Much in the way that some families only see each other at funerals, America only seems to have a conversation about mental health when somebody dies. These are the worst times to have such a conversation, because the needs of the survivors are at odds with the needs of a “national discussion about” anything. The result is a kind of Kabuki Theater around guns, politics, and mental health that for all its noise accomplishes less than a moment of honest silence ever could.
But here we are again, confronting the fact that—as The Onion so elegantly put it—the only nation on earth where this regularly happens is the one saying “there’s no way to prevent this.” Our political system is in the grips of a learned helplessness that perfectly suits the needs of entrenched interests. We have such a hard time changing our system because while nobody wants this, everybody contributes to it. We all have a stake in the way things are, whether it’s because it suits our financial interests, or our personal interests, or because keeping quiet keeps us from the abuse and harassment we’d take if we spoke up.
If we want to change, somebody’s going to have to act against their short term interests to advocate for the greater good.
By rights, it should be the privileged who take this step. Paradoxically, they have the most to lose but are the least vulnerable. But they rarely do. These issues lack urgency to them precisely because they are privileged.
Yet, this time we are seeing an unexpectedly poignant discussion emerge out of a howl of frustration at the toxicity of our culture: the brave souls declaring #YesAllWomen have raised their voices to declare an end to Kabuki Theater. They have pointed out, at last, that a discussion about “mental health” in the conventional sense is a fig leaf covering up what we really need to talk about: the nature of power, privilege, and misogyny in our culture.
Without the raised voices of #YesAllWomen, we would be shaking our heads now at how the mental health system had failed without confronting the fact that such killings also emerge out of a culture that is poisonous to female sexuality. Instead, that polite veneer has been ripped off. As Rebecca Solnit noted on Democracy Now, “This is not an isolated event, but part of an epidemic.”
Certainly, the shooter fit perfectly into culture of misogyny and rage—but more than that, he seemed to have no sense that there were even other options.
“One of the sad things is that he seemed to have incredibly conventional ideas about what constituted happiness and well being and his entitlement to them,” she said. “He seemed to have no resources, no model of alternative ways to meet your needs, to relate to human beings.”
Moving this out of the realm of “mental health” in the usual sense—meaning drugs and institutionalization and neuropsychology—places it more firmly in the purview of existential-humanistic psychology. It is a time when we, too, should be raising our voices, because the providing of alternatives, and helping those in need find them, is surely our calling.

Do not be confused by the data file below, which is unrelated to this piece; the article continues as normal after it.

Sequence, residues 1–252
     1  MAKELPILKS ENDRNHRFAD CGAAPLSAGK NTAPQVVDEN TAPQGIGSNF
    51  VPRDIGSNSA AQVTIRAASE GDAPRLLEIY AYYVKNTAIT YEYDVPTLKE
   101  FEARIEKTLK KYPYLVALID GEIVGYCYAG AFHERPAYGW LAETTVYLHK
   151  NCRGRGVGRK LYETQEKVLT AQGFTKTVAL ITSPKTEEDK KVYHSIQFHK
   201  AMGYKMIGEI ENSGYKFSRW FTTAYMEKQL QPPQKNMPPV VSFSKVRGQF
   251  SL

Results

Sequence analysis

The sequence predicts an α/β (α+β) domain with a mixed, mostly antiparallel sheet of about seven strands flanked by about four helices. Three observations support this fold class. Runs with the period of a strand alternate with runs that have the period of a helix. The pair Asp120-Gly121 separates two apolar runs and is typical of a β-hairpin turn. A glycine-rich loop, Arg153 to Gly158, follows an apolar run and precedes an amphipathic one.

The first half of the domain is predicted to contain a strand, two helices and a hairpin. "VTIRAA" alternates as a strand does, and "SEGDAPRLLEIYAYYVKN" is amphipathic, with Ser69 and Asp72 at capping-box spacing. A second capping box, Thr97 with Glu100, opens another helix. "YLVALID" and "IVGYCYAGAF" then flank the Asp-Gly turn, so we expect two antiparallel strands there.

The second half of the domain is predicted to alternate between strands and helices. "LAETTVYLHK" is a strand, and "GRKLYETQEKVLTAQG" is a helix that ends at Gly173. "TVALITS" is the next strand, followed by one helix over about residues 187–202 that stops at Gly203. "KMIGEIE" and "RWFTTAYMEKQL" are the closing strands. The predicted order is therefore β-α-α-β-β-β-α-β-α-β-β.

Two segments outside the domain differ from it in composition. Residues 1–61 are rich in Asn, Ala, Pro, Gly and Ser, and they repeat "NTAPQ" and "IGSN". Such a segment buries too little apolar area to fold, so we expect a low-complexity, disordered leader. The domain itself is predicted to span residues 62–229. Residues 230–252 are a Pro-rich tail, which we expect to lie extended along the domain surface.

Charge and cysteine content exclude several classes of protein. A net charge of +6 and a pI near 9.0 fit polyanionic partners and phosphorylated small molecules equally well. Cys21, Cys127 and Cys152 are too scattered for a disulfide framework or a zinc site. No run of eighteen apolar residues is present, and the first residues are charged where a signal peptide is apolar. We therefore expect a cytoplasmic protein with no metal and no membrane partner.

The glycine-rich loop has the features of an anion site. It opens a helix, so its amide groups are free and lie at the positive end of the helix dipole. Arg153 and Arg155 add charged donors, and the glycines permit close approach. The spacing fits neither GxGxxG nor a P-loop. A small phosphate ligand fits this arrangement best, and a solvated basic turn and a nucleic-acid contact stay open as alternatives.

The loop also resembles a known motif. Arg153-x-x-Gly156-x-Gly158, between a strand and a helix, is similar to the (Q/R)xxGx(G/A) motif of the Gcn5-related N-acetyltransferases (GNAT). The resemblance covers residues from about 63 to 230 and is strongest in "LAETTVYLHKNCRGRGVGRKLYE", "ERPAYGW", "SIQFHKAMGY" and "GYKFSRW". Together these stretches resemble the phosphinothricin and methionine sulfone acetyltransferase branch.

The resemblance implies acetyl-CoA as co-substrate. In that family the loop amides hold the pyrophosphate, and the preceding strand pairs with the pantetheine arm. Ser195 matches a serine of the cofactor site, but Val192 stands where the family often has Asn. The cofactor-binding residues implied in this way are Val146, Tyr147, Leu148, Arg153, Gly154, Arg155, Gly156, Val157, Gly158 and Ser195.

Most of the mental health system is completely unequipped to provide alternative perspectives on culture, sexuality, and happiness. On the contrary, it tends to reinforce social norms. A man who is given a pill to address the anger stemming from his misogyny is doing nothing to address his misogyny. A woman who is given anti-depressants to ease the anger and fear she feels living in a misogynist culture is being denied the validity of her emotions and the use of her anger to advocate for change.
Psychopharmacology—our dominant psychiatric paradigm—is actively opposed to the very idea of social change. It is designed to make one acquiesce to the way society is, rather than reconsidering culture and one’s place in it.
Cognitive-behavioral therapy, too, primarily exists to socialize people to what is, rather than to help them find the strength to change it.
Only psychodynamic therapy—and in particular existential-humanistic therapy—comes with the central idea that personal growth may trump social convention. That a calling to struggle against injustice, both in the world and in one’s own psyche, may be the only appropriate response to an unjust world.
Much in the way that we wouldn’t tell women living under the Taliban that they should take a pill to be more comfortable with their enforced illiteracy, or Egyptian dissidents that they should practice cognitive techniques to become better adjusted to military rule, we should understand that too often the “mental health system” is an enforcer of the status quo.
Our community is equipped to help others to be change agents. To help people find their own capacity to engage in necessary struggle. This is a challenge we should take up. This is a time when we should speak out.
— Benjamin Wachs